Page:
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McKinsey & Company: Building the infrastructure for the future of mobility

Our road and rail infrastructure is not ready for the future of mobility. Owners and operators should act now or risk being left behind

Our road and rail infrastructure is not ready for the future of mobility. Owners and operators should act now or risk being left behind

When it comes to infrastructure, the developed world is running on a hamster wheel. In Europe, we estimate that governments spend 50 to 70 percent of their transportation infrastructure budget on maintaining or replacing aging existing systems. These upgrades are especially complicated and expensive as running traffic needs to be maintained, sometimes requiring the construction of provisional solutions, and a variety of stakeholder interests—those of infrastructure users, neighbors, developers, and investors—need to be addressed.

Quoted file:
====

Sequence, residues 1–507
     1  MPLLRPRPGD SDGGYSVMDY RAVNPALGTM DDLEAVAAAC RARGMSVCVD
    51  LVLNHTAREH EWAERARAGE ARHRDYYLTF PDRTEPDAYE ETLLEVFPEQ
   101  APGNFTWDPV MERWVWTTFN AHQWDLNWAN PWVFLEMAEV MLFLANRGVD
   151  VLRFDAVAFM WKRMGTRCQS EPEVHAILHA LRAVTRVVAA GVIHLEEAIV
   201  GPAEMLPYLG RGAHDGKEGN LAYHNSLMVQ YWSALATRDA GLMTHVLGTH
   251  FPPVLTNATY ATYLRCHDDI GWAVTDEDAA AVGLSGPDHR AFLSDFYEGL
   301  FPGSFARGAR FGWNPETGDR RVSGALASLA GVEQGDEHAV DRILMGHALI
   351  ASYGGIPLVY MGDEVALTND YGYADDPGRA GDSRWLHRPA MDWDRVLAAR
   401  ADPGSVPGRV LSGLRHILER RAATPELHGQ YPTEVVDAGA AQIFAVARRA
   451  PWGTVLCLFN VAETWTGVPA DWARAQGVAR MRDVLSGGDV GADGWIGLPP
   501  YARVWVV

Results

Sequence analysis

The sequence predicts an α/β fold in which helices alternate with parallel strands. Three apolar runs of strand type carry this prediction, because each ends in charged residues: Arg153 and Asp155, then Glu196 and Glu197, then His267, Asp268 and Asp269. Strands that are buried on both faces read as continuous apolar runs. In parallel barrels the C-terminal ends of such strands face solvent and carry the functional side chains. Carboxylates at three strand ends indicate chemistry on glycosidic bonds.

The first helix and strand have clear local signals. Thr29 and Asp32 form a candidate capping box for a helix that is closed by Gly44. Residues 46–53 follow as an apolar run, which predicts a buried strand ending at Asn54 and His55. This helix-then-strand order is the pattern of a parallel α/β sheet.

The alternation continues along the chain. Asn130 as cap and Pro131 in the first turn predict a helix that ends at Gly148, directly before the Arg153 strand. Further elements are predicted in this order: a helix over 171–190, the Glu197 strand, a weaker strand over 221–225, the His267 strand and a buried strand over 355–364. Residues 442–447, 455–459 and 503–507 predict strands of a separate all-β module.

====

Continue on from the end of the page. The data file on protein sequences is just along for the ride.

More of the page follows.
urthermore, the vast majority of existing infrastructure is not ready for the future of mobility. Automation, connectivity, electrification, and shared mobility are upon us, but the road and rail infrastructure requirements to facilitate these technologies are often not considered when rebuilding individual projects. In short, there exists no integrated vision of how to equip the infrastructure of the future. To build one, we need to answer a long list of questions, such as how electricity supply will be provided to fast-charging stations on motorways, how we will provide connectivity for autonomous driving, and how we manage the integration of old and new train control systems.

To prepare for the future of mobility, operators need to leap off the revolving wheel of repair. They need to develop an understanding of the desired end state and then take a hard look at their operating models. And they need to optimize current costs, adjust financing mechanisms, develop new competencies, collaborate with regulators to facilitate policy changes, cooperate with other infrastructure stakeholders, and transform their management models to break the constant repair and slow technological cycles. Those who start now will move to a new, modern mobility system with a better user experience faster, and at a lower cost, than those who wait.

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SOURCE: McKinsey & Company

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